With surgery on her fractured spine continuing, the 17-year-old's team principal has said she had an "angel on her shoulder in Macau.
Sophia Floersch had an "angel on her shoulder", her team principal said after she somehow survived a terrible crash in a Formula 3 grand prix on Sunday as the teenager provided another update on her rehabilitation.
Floersch suffered a fractured spine in a frightening incident at the Macau Grand Prix, her airborne car flying backwards over the edge of the circuit and into a large hoarding on the other side, close to where marshals and photographers were stationed.
Despite her significant injuries, Floersch on Sunday posted on Twitter that she was "fine", while an FIA statement revealed that driver Sho Tsuboi, two members of the media and one marshal had also been transferred to a local hospital in a conscious state for further evaluation.
On Monday a message on Floersch's Twitter account read: "Current interim information: The medical team is deliberately working slowly to avoid risks. The previous surgical course is good and without complications. The surgery that began this morning continues."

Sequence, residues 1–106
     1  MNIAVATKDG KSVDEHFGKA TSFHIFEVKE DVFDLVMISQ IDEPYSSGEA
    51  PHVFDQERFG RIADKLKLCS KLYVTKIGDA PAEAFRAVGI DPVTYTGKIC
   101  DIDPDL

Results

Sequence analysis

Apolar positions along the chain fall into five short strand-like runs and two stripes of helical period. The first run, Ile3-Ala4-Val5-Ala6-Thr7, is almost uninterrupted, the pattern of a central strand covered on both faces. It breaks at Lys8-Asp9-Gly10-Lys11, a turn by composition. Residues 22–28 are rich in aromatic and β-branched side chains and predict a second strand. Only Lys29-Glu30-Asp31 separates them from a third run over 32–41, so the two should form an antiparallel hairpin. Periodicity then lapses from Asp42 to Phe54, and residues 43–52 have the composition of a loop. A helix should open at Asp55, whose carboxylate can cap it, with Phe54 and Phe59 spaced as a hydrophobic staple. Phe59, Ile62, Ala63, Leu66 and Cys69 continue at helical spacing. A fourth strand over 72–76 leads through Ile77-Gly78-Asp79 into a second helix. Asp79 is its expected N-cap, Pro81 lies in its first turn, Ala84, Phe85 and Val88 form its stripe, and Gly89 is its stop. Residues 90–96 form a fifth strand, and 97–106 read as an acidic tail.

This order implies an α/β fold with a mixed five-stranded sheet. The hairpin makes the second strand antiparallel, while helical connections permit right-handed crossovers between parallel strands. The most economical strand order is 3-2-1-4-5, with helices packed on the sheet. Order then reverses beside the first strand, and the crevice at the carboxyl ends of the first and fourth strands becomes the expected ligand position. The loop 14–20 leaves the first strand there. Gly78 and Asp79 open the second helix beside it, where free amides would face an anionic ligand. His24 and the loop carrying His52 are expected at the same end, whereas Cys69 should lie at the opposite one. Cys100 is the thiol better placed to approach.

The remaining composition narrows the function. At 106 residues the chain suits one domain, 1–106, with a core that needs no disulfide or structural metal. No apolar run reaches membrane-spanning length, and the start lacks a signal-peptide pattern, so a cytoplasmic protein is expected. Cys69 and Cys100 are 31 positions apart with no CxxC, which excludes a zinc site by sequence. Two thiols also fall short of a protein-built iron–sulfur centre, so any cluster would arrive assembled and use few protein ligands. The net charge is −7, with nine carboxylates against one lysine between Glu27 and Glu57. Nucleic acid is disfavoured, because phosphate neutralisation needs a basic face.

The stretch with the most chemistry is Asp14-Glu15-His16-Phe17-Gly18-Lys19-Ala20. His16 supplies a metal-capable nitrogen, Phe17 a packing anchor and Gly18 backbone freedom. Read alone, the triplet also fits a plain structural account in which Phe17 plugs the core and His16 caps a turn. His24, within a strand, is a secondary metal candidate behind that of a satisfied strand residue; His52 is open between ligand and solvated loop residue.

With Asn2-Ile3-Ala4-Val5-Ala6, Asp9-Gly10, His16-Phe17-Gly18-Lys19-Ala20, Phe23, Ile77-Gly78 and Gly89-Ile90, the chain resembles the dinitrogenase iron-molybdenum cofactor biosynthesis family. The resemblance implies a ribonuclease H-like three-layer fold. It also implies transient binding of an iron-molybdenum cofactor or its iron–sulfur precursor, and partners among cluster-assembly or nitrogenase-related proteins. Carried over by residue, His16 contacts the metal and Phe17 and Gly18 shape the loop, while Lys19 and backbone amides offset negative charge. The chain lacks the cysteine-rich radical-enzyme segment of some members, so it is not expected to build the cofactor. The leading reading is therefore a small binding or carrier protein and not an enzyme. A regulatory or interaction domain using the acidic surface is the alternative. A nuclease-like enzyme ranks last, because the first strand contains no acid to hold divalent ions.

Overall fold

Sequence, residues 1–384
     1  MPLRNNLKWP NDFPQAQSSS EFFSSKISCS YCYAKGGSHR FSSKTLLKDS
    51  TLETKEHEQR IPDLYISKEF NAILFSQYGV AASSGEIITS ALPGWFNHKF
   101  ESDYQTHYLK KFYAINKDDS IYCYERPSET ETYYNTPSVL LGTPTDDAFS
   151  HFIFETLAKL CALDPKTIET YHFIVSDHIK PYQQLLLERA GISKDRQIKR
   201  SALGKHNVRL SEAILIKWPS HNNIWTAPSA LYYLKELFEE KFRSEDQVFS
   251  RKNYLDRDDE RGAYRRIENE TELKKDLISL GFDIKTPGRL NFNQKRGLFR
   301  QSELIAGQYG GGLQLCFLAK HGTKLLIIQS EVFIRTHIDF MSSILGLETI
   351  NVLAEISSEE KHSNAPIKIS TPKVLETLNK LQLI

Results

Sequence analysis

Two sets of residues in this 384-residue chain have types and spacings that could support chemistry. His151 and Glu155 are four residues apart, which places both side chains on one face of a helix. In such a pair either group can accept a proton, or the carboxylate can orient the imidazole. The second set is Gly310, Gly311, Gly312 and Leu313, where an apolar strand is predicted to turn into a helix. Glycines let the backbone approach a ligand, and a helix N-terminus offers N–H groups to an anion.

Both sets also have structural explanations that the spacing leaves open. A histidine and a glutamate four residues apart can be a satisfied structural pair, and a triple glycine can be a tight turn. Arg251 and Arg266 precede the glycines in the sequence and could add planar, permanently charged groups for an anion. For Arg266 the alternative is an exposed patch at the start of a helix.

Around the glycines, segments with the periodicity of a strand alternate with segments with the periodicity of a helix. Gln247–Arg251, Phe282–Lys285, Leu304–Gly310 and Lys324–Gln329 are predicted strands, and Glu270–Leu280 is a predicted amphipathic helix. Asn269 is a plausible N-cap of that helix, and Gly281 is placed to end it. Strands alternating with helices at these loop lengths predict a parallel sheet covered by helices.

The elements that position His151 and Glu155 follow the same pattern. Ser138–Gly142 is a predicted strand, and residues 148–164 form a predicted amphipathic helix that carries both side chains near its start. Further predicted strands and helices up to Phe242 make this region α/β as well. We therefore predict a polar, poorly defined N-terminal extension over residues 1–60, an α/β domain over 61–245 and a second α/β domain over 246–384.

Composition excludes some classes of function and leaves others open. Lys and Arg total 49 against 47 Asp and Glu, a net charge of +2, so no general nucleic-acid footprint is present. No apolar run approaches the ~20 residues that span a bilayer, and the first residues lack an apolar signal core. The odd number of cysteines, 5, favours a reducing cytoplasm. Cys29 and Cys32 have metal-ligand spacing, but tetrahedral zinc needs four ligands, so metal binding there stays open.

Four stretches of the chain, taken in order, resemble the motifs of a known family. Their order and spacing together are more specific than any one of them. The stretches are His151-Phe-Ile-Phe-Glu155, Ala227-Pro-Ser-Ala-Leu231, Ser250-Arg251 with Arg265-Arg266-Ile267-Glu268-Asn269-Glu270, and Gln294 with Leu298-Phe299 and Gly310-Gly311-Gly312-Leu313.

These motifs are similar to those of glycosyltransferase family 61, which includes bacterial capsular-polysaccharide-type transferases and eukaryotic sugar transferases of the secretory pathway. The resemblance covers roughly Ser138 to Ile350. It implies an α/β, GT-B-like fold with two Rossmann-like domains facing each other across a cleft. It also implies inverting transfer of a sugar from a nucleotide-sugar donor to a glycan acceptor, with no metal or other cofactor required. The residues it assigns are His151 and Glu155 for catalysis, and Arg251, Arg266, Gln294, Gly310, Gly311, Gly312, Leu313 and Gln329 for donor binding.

Aktuelle Zwischeninfo: Das Ärzte-Team arbeitet bewusst langsam, um Risiken zu vermeiden. Der bisherige OP-Verlauf sei gut und ohne Komplikationen. Die heute morgen begonnene OP dauert an. pic.twitter.com/3gHSCtFe4B— Sophia Floersch (@SophiaFloersch) November 19, 2018
Meanwhile, Frits van Amersfoort, owner of Van Amersfoort Racing, said: "We were thinking the worst. I tend to say that she had an angel on her shoulder and so do the other people who were involved in the crash.
"We shouldn't forget that photographers and a marshal were also injured and it could have been a lot, lot worse.
"She was travelling like a rocket in her own car. We are extremely lucky that by coincidence she was flying, because she flew over a barrier. I think if she had hit the barrier it would have gone a lot worse.
"She flew into the fence and then into a photographers' stand. Her head was compressed by the impact and that compressed the spine, which is why she had the fractures. Surviving that is really incredible."
Speaking to BBC Radio 5 Live, he added: "We were looking at the race and then we saw some shots of our car in the fence — so then we knew that there was something wrong and that it probably was bad.
"Then one of the worst 20 minutes of my life started because it took quite long before the race control could say anything about the health of Sophia... This was surely one of the worst [crashes] I ever saw."